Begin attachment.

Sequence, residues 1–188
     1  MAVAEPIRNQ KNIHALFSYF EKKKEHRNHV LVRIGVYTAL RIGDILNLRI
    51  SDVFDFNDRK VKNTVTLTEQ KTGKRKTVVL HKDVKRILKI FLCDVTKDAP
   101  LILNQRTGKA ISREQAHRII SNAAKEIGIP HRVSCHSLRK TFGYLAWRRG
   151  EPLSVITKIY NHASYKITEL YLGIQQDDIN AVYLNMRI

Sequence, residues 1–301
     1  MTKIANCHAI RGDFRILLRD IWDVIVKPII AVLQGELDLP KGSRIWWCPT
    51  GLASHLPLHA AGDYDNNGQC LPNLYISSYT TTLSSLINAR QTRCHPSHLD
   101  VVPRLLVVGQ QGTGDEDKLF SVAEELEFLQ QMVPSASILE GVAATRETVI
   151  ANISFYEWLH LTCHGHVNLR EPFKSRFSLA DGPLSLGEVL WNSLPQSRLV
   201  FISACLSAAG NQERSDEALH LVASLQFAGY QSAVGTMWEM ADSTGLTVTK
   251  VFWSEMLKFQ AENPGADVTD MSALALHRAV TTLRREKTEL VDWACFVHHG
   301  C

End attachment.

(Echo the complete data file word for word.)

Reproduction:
Sequence, residues 1–188
     1  MAVAEPIRNQ KNIHALFSYF EKKKEHRNHV LVRIGVYTAL RIGDILNLRI
    51  SDVFDFNDRK VKNTVTLTEQ KTGKRKTVVL HKDVKRILKI FLCDVTKDAP
   101  LILNQRTGKA ISREQAHRII SNAAKEIGIP HRVSCHSLRK TFGYLAWRRG
   151  EPLSVITKIY NHASYKITEL YLGIQQDDIN AVYLNMRI

Sequence, residues 1–301
     1  MTKIANCHAI RGDFRILLRD IWDVIVKPII AVLQGELDLP KGSRIWWCPT
    51  GLASHLPLHA AGDYDNNGQC LPNLYISSYT TTLSSLINAR QTRCHPSHLD
   101  VVPRLLVVGQ QGTGDEDKLF SVAEELEFLQ QMVPSASILE GVAATRETVI
   151  ANISFYEWLH LTCHGHVNLR EPFKSRFSLA DGPLSLGEVL WNSLPQSRLV
   201  FISACLSAAG NQERSDEALH LVASLQFAGY QSAVGTMWEM ADSTGLTVTK
   251  VFWSEMLKFQ AENPGADVTD MSALALHRAV TTLRREKTEL VDWACFVHHG
   301  C